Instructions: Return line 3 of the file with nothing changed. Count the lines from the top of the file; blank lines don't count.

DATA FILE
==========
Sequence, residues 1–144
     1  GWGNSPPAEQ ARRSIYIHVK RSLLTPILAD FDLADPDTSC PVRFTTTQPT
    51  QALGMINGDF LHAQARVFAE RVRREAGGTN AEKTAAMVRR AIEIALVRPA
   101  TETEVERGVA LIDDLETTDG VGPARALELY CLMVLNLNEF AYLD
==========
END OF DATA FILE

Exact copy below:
    51  QALGMINGDF LHAQARVFAE RVRREAGGTN AEKTAAMVRR AIEIALVRPA